‘Zero-waste’ grocery store opens up in Ottawa

From in-store to online, how Nu Grocery's founder aims to make the shopping experience simple for newbies.

A new “zero-waste” grocery store has opened its doors in Ottawa, with its founder focused on making the shopping experience convenient even for newbie environmentalists.

Valérie Leloup describes the new Nu Grocery store as a “selfish project.” After receiving a book about the zero-waste movement as a Christmas gift, she began making changes to her personal habits and home life to reduce use of things like plastic packaging.

The shopping experience wasn’t always easy, prompting the idea of opening a zero-waste store. Aside from finding actual products with limited packaging, for many years stores like Bulk Barn didn’t allow customers to bring their own containers (Bulk Barn changed that in select stores in 2016 and it now has a reusable container program nationally).

While Quebec, and Montreal in particular, have more established zero-waste movements, Ottawa has been relatively behind, she says. But after doing some research on similar store concepts, she says she saw potential for the idea to grow, pointing to examples like France’s Day by Day. (Outside of Quebec, Canada is home to other zero-waste concepts, including Nada Grocery and Green, both based in British Columbia).

Nu Grocery officially opened its doors Aug. 19 – in a riding of Ottawa Leloup describes as highly educated and largely environmentally conscious – marketing itself through social media and word-of-mouth. The design was focused on being “absolutely not granola,” Leloup says, with a contemporary, clean look – with the latter particularly crucial for a bulk food store.

Much of the concept is rooted in making the customer experience for potential zero-wasters simple.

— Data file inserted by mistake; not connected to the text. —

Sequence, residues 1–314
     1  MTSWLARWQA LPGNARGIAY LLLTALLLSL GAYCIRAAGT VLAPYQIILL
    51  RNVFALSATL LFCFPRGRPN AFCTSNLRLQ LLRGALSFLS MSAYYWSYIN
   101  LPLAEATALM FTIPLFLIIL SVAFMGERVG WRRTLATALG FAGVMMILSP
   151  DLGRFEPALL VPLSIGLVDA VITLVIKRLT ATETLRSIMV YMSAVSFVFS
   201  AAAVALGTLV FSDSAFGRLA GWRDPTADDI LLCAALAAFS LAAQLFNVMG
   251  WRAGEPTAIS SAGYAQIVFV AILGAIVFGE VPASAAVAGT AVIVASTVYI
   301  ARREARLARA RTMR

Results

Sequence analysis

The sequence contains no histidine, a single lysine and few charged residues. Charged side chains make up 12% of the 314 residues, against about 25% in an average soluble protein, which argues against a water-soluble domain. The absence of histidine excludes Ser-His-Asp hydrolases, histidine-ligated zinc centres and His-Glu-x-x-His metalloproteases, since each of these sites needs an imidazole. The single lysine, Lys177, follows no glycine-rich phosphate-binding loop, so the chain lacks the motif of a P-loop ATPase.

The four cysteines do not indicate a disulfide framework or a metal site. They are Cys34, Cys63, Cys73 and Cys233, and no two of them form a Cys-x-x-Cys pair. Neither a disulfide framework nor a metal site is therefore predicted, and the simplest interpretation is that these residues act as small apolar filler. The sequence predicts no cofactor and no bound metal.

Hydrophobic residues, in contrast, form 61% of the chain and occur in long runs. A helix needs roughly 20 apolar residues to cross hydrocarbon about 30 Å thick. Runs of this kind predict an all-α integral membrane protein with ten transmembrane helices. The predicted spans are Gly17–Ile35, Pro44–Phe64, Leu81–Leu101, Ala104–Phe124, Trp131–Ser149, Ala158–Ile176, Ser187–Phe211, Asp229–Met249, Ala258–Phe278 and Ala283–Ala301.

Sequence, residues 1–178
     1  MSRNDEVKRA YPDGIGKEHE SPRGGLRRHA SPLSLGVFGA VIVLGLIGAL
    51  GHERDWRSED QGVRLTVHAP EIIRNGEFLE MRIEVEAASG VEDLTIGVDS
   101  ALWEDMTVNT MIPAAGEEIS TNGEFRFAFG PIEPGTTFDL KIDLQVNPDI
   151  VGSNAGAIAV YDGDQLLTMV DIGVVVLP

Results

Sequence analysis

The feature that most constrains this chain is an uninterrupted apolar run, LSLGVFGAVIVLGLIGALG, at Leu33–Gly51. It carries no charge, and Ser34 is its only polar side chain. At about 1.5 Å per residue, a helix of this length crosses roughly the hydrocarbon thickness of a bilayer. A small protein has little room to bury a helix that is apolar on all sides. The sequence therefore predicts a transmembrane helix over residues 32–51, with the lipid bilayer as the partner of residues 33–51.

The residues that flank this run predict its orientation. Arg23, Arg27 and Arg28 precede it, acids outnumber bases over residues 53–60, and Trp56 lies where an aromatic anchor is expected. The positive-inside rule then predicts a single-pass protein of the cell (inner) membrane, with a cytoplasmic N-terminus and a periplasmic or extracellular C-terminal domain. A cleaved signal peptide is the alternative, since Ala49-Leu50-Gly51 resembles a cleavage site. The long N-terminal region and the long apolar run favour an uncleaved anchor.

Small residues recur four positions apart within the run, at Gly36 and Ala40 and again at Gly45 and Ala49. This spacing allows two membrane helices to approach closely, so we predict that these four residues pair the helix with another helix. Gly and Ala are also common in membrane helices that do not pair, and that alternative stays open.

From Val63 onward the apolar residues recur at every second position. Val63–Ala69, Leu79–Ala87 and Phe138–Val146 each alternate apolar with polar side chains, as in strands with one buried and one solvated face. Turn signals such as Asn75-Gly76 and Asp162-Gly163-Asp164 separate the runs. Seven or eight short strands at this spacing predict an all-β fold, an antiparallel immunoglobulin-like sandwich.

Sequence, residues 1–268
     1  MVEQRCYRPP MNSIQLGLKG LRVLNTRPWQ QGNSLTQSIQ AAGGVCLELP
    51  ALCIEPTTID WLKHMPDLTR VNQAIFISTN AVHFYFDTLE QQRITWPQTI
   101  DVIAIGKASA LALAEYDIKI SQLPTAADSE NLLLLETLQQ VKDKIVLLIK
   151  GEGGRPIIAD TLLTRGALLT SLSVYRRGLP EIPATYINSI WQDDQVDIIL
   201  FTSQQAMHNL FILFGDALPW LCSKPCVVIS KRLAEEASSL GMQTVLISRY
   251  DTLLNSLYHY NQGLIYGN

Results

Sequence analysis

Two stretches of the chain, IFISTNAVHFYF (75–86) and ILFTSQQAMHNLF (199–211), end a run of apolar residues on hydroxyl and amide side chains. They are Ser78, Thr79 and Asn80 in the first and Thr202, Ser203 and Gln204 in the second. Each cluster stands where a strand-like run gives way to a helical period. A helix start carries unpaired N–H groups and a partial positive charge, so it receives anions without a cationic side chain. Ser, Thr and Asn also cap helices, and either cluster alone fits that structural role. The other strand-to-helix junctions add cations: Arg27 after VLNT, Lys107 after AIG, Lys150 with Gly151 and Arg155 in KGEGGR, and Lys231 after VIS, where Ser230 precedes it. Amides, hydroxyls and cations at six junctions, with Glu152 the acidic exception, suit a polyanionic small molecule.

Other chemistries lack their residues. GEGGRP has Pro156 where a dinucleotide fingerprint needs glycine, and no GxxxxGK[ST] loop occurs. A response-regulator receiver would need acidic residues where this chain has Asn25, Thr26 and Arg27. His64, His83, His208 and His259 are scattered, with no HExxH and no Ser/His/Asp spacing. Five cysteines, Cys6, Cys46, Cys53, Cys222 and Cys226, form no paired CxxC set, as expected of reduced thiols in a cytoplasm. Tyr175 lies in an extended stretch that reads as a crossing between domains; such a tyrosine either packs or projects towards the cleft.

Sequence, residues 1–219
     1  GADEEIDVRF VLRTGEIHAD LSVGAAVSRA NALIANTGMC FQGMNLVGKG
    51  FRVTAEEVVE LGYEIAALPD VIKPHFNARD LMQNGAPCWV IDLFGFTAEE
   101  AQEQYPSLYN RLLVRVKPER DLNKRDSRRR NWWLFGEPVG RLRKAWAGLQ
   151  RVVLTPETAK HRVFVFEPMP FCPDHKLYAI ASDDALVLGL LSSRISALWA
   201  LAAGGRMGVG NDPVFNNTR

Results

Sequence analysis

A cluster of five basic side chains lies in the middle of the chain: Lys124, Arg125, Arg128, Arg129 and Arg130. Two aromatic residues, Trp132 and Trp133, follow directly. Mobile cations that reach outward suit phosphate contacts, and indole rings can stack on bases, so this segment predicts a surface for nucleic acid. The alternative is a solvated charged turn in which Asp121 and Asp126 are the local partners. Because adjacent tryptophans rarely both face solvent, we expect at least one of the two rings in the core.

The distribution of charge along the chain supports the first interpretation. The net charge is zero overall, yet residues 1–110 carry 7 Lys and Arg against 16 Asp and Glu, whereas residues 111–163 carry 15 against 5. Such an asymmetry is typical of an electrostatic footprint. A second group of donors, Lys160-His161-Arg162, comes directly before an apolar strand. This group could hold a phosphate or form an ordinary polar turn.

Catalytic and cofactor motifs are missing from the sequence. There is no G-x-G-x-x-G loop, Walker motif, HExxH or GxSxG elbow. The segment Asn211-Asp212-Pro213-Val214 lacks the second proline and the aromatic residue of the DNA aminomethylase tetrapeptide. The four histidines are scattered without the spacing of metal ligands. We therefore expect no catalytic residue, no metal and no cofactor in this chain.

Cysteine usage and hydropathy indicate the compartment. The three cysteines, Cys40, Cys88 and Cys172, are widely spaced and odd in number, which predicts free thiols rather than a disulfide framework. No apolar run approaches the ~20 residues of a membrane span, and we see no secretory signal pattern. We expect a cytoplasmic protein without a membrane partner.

The experience of bring-your-own-container programs at other stores isn’t always seamless, with customers having to line-up to verify and weigh their containers (so they won’t pay for the extra weight later), she says. Nu Grocery, on the other hand, was designed to have its “tare station,” or weighing area, immediately available for customers to use themselves, she says.

The store also offers recyclable paper bags and glass jars to borrow (for a $1 deposit) for shoppers interested in trying out the store but who might not be practiced planners when it comes to zero-waste shopping.

The business also has an online shopping component for supplies like bags and bottles. “Online shopping should be the thing we do when we have no other choice,” Leloup says, noting that she feels strongly about buying from local businesses over, say, Amazon. That said, its ecommerce site is aimed at helping customers get the supplies they might need to embrace zero-waste. The shipping process itself is also aimed at reducing waste by reusing boxes from suppliers and using only paper tape that’s recyclable.

The zero-waste philosophy also applies to Nu Grocery’s supply chain, Leloup notes. It aims for a circular model. For example, liquid soap is delivered in a large container that can be hooked up to a pump for in-store shoppers, with the container ultimately being returned to the supplier.